10. Hi Dave, thanks for responding. Yes they Flashers do work.
  11. Hi Guest, thanks for answering. Nothing illuminate when activated. Where is the Flasher located? I looked in the trunk where the Relays are. John
  12. Hi there ... 1990 Buick Reatta Coupe ... Turn Signals stopped working. Symptoms: 1. Neither left or right work 2. Fuse in kick-well tests OK 3. When the Turn Signal Lever on the Steering Column is pulled down for left or pushed up for right nothing occurs nor does the Indicator Light on the Dash illuminate 4. When the Lever is pulled for a left turn or pushed right for a right turn the Brake Lights on that side go dark. I have a Service Manual but for some reason I cannot locate useful info about the Turn Signal in it. Is there a Relay somewhere and if so where. Thank you, John
  13. Hi ... I have had some luck finding them at a salvage yard. A few same era GM autos other than Reatta had them. The big issue at the Salvage Yard is that many folks think the Horn Button comes out by popping it out with a screwdrivers ... that breaks it. You have to remove the Horn Button by removing the screws behind the Steering Wheel/Airbag and removing the Airbag.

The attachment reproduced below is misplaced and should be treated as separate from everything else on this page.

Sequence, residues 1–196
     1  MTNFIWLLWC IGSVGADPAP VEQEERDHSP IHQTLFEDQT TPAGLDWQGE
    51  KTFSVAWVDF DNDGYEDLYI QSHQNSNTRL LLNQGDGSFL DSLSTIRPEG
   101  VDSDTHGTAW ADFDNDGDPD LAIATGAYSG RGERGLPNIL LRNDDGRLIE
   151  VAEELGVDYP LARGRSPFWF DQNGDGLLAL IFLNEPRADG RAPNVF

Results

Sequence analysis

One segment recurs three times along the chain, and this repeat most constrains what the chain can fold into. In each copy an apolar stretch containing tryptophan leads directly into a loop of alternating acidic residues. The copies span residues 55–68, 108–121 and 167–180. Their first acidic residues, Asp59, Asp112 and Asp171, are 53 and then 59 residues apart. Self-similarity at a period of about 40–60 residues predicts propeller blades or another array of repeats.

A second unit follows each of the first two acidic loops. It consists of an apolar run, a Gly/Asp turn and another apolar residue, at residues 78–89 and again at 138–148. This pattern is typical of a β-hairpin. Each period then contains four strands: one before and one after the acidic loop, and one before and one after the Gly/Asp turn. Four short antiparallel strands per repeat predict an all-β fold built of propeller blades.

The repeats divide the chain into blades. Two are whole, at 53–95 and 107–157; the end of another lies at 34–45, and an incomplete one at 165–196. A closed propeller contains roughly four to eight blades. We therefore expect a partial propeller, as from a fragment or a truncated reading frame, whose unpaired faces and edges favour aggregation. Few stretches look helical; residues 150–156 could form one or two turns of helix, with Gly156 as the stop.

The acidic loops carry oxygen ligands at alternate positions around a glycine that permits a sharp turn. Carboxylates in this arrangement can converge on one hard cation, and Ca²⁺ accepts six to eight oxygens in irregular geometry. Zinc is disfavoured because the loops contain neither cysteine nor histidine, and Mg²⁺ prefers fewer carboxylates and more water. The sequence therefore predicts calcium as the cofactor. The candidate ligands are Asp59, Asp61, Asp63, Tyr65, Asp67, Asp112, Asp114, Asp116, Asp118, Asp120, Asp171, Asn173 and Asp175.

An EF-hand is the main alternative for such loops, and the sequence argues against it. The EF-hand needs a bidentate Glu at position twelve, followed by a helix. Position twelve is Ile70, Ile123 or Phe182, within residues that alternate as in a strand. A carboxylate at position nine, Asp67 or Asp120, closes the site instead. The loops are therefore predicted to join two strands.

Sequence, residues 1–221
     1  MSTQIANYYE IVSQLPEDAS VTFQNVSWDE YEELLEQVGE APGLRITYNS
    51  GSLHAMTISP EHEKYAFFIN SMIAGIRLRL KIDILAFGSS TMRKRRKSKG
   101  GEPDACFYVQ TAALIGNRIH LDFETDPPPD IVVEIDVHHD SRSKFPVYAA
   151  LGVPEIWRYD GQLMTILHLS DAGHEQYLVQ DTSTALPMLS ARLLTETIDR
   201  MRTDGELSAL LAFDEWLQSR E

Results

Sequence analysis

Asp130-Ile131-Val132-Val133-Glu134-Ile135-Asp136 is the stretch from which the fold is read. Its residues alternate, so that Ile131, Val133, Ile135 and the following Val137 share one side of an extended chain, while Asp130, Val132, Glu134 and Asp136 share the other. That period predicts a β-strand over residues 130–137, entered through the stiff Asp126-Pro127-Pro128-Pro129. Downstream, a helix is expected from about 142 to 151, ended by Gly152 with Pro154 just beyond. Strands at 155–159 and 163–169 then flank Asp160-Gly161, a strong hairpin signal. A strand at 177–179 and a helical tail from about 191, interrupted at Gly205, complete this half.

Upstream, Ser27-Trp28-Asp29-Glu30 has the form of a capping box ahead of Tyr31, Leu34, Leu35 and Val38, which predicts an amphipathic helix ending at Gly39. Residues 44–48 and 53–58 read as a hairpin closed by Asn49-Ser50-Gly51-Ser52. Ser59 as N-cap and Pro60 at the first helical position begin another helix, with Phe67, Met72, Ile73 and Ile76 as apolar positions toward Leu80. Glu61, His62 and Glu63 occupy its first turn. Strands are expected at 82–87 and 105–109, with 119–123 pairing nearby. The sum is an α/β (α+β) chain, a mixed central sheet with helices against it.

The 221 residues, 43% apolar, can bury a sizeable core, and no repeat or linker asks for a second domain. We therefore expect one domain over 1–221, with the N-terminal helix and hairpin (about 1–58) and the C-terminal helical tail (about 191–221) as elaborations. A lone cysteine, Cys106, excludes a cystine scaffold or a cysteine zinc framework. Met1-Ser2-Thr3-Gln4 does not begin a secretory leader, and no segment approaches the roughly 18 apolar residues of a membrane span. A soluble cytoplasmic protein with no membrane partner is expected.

14. Hi there ... in my opinion, change the Fuel Pressure Regulator. When the car sits for a while the fuel seeps put of the defective regulator thus there is not that first burst of fuel to start the car. I purchased mine at AutoZone for $40.99 ... Ronnie sells one on his site as well [http://thereattastore.com/fuel-injection-parts-for-the-reatta/]. My 1990 was doing exactly what yours is doing and I had thrown a lot of money at it but the problem persisted. Changed the Fuel Pressure Regulator ... problem solved. Note: when in stalling the new Regulator put a rag under it because you will drop the back screw several times. I used putty to stick the screw on until I got it started. Good luck.
  15. Are you certain it is heat? I live in Sarasota, Florida, which is like an oven. We have the super hot humid weather non-stop for 6 or 7 months but my 1990 daily driver has none of the problems described ... Teves brakes included. Last year I did change my radiator in hopes the engine, which always ran a little too hot for my taste [about 12:10 if the Temp Gauge were a clock], would run cooler. It now runs right at 12:00 on the dial all the time ... in bumper to bumper grueling conditions for 15 minutes or more it may slip over to 12:03 until I get under way.